Purifying Stem Cells of Heart Muscle
By Adrienne Mueller, PhD
February 25, 2021
Stem cells are powerful tools for understanding physiology and disease. Researchers often use induced pluripotent stem cells (iPSCs) in their studies. "Induced" means that the stem cells are created, or induced, from non-stem cells – usually fibroblasts collected by a simple blood draw. "Pluripotent" means the stem cells are able to become any different cell type: for example liver, lung, brain, or heart. Studies can therefore use human iPSCs (hiPSCs) as a minimally invasive, renewable, and versatile resource to study specific tissues and cell types. By creating heart muscle cells from hiPSCs, scientists are able to investigate heart cell function and a wide variety of cardiovascular diseases and therapies.
Heart muscle cells have different morphologies and properties depending on which chamber of the heart they are a part of. The heart has four chambers: two atria and two ventricles. Usually, when stem cells are used to derive cardiomyocytes, a heterogeneous mix of atrial and ventricular cardiomyocytes is the result. However, many diseases primarily involve exclusively atrial or ventricular cells. For example, hypertrophic or dilated cardiomyopathies and pulmonary hypertension are disorders that primarily involve the ventricles, whereas atrial fibrillation is specific to atrial cardiomyocytes. In order to understand diseases that primarily affect one chamber type, it is important to be able to study the heart cells that comprise that chamber in isolation—without contamination of other cell types.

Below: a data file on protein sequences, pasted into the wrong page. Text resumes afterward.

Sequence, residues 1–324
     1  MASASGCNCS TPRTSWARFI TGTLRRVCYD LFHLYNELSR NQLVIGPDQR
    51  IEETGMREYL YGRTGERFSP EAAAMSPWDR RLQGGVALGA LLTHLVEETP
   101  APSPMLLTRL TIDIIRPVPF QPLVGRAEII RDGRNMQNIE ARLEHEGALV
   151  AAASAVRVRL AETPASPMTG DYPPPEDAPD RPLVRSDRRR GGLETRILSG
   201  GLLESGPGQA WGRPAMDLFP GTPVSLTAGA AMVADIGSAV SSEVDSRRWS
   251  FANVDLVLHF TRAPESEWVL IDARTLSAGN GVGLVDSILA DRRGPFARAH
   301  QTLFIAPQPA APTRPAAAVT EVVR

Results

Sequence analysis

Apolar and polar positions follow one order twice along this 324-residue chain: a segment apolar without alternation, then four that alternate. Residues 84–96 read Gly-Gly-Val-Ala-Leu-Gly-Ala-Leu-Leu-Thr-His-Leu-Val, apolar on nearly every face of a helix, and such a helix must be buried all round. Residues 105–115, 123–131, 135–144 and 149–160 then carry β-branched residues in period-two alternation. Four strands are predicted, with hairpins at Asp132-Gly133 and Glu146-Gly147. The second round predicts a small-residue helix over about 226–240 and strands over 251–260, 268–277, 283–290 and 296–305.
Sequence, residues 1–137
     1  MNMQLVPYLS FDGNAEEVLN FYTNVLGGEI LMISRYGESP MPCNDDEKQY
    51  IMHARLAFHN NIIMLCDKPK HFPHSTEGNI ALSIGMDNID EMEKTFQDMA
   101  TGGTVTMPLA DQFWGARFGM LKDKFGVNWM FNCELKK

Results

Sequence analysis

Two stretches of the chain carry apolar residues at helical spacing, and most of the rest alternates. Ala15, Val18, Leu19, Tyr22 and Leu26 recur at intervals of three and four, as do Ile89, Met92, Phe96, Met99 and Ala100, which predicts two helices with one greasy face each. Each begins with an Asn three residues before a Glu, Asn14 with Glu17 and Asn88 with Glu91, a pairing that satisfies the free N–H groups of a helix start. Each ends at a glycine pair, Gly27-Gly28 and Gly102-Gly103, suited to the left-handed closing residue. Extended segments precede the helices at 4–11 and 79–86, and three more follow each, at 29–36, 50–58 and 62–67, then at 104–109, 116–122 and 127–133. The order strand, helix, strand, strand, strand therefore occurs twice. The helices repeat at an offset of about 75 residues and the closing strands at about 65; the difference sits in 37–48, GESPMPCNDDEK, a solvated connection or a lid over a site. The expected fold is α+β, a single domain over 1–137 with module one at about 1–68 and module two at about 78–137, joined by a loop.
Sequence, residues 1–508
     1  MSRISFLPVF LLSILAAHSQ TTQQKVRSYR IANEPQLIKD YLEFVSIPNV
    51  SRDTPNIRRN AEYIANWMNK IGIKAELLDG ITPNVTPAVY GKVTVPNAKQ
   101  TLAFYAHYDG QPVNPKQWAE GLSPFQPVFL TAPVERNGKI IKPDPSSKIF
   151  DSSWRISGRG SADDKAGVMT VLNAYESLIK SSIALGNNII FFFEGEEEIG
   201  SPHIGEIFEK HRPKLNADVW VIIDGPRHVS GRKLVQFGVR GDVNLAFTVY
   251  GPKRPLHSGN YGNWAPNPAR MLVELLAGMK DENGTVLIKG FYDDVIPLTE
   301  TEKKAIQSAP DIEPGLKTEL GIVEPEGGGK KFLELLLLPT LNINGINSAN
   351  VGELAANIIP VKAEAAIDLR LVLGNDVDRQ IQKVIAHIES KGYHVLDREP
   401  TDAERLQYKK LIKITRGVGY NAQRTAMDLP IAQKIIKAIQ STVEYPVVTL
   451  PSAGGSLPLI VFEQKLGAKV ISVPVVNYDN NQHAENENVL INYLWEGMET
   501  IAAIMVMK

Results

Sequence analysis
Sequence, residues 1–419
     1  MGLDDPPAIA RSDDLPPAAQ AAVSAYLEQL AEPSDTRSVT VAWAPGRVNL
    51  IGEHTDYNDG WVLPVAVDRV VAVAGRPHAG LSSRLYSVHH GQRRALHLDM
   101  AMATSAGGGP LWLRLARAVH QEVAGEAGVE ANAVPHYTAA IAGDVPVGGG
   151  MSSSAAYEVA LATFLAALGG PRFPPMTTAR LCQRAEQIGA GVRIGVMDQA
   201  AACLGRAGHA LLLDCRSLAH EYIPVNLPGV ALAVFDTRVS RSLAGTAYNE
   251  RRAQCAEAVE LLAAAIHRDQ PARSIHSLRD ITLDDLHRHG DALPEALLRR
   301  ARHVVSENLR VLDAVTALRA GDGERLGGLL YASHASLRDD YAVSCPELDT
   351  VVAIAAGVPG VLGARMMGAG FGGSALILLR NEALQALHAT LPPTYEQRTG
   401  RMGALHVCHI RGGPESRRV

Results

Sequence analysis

The four chambers of the human heart.
In a study recently published in Scientific Reports by first author Orlando Chirikian and senior author Sean M. Wu, MD, PhD, investigators developed a new method to isolate stem cell-derived atrial and ventricular heart muscle cells. To label atrial cardiomyocytes, they used CRISPR-Cas9 technology to insert a small piece of DNA that codes for a blue fluorescent protein into the genomes of stem cell next to sarcolipin, an atrial-specific gene. Similarly, the DNA for a red fluorescent protein, was inserted adjacent to a ventricular-specific gene. By inserting DNA for these two differently-colored reporters, the investigators could ensure that blue fluorescent protein would only be present in atrial cells and the red fluorescent protein only in ventricular cells. The investigators were then able separate fluorescent blue atrial cells from red ventricular cells thereby creating purified populations of cardiomyocytes for further experiments. By developing novel methods to purify stem cell-derived heart muscle cells, this study has created a platform for future work to improve our understanding of atrial- and ventricular-specific diseases and help us develop new therapies.
Other Stanford Cardiovascular Institute-affiliated authors include William R. Goodyer, Elda Dzilic, Vahid Serpooshan, Jan W. Buikema, Wesley McKeithan, HaoDi Wu, Guang Li, Soah Lee, Markus Merk, Francisco Galdos, Aimee Beck, Alexandre J. S. Ribeiro, Sharon Paige, Mark Mercola, Joseph C. Wu, and Beth L. Pruitt.